The group Mumei (Twitter @mumei_dance), who is from the same agency as Astral Code, came out first for approximately thirty minutes. They are mostly a dance group that focused on some K-pop dance covers. Astral Code came out second and while I was going into this with no expectations, I was legitimately impressed. The five-man group, a sixth member was added shortly after we watched the live, danced and sang a mix of covers and an original song. There was playful banter in between the songs and since it was one of the member’s birthday, there were many fun moments to witness.
Whether you call it unfortunate or not, there were only around 15-20 fans present. There were four high school girls and the rest were older, but probably in their late teens to mid-twenties. Yep, we were the only foreigners and my husband was the only male present. However, this intimate live was perfect. Close to the group on stage, it was casual and presented an even better chance to interact with the group.
It was expected that we could not take pictures of video during the live, but after the live something what I consider unusual from an American standpoint happened. While talking with the members was completely acceptable, everyone was given one free mini polaroid with a member of their choice. I chose to support our friend and took a picture with him. Any other pictures were bought at the tune of approximately ~$10 for additional members and ~$20 for a group photo. In all my years of going to little local alternative bands in tiny bars, I never had to pay for a picture, but shelled out a lot of money for merchandise like t-shirts, hoodies, and posters. There weren’t any items for sale except for the photos.
This whole thing was new to me, but I loved it and I highly recommend skipping the big concerts and supporting one of these many upcoming groups. It’s relatively affordable and it gives you a unique opportunity to see a side of Japanese culture that most tourists never witness. However, if you fear your Japanese language skills are not up to such an intimate setting, don’t worry. During the show, you might get lost during some of the banter, but just observe and then enjoy the show in front of you. For about $6, this just may be one of the cheapest entertainment options you have in Japan. (Not all shows are this cheap, but even for about $30-40, you can see a whole slew of new idol groups perform in one day).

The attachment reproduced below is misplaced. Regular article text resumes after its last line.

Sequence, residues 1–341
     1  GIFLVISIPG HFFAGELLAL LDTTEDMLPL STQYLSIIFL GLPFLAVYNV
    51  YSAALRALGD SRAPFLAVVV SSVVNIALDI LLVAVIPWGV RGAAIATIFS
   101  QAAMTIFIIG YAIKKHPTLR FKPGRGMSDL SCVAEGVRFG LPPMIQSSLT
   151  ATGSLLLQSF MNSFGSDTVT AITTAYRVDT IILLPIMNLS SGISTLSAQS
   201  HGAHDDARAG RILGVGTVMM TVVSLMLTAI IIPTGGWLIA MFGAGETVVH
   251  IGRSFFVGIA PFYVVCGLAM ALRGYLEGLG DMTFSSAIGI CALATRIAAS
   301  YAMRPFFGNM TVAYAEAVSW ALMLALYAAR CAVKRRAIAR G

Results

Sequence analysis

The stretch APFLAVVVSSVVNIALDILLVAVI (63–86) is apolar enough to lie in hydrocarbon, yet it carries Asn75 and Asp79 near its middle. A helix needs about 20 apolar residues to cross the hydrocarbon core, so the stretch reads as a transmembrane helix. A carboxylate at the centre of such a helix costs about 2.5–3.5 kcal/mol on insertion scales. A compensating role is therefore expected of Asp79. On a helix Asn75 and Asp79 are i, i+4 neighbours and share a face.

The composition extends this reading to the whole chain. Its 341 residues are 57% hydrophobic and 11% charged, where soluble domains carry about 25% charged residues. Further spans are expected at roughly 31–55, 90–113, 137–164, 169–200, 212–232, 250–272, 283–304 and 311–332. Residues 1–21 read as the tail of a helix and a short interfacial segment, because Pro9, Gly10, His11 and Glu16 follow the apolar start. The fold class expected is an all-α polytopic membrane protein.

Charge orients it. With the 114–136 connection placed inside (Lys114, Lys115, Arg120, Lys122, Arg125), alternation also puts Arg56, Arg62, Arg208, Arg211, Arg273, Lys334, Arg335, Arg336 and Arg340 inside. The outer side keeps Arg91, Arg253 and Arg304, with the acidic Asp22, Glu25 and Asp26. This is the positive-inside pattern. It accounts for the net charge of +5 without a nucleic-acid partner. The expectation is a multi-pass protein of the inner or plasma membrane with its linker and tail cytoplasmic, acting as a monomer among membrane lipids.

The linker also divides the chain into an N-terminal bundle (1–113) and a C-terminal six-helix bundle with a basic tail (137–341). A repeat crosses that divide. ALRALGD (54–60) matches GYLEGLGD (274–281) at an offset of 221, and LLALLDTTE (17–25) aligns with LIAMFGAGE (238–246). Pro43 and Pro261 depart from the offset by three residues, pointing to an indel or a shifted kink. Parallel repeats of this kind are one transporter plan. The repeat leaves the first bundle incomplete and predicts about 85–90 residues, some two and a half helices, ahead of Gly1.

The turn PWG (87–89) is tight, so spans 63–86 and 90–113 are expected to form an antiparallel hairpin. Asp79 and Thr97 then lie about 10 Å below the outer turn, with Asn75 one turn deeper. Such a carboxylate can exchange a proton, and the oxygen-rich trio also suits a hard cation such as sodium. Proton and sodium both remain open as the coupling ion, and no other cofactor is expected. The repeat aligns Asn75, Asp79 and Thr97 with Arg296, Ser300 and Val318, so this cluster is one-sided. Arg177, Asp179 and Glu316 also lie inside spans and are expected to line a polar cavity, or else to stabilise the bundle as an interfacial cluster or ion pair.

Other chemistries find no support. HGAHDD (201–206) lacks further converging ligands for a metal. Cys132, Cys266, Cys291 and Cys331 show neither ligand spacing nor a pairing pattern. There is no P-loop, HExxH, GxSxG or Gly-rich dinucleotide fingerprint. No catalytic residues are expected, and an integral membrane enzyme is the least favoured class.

I also want to add a little background about these new idol groups that might help put things in perspective and perhaps sway you to take a chance and get off the beaten path and support these groups. These idol groups, while managed by an agency, are not supporting them financially like you might have heard in K-pop groups. They are not trainees and live and breathe their dream while getting food, shelter, and lessons in return for the future promise of hitting it big. In the case of Astral Code, the members have a varied background, experience, and ability. They get singing and dancing lessons for free, but they still need to make a living. They work part-time at other jobs making ends meet, just so they can make this opportunity they’ve been given with the hope their dreams will be achieved.
So, maybe going to Japan is just not in the cards for you. How can you support these groups? Social media. Our friend in Astral Code listed nearly a dozen of social media style platforms Astral Code is part of, though few are probably familiar to many Americans with the exception of Twitter and Line. These guys in Astral Code know who their fans are right now. They are working hard to win new fans. They are fun and personable, and they can really sing and dance. Supporting new idol groups just might become addicting once you’ve tried it. Check out Astral Code and it might just lead you to a new path of discovery.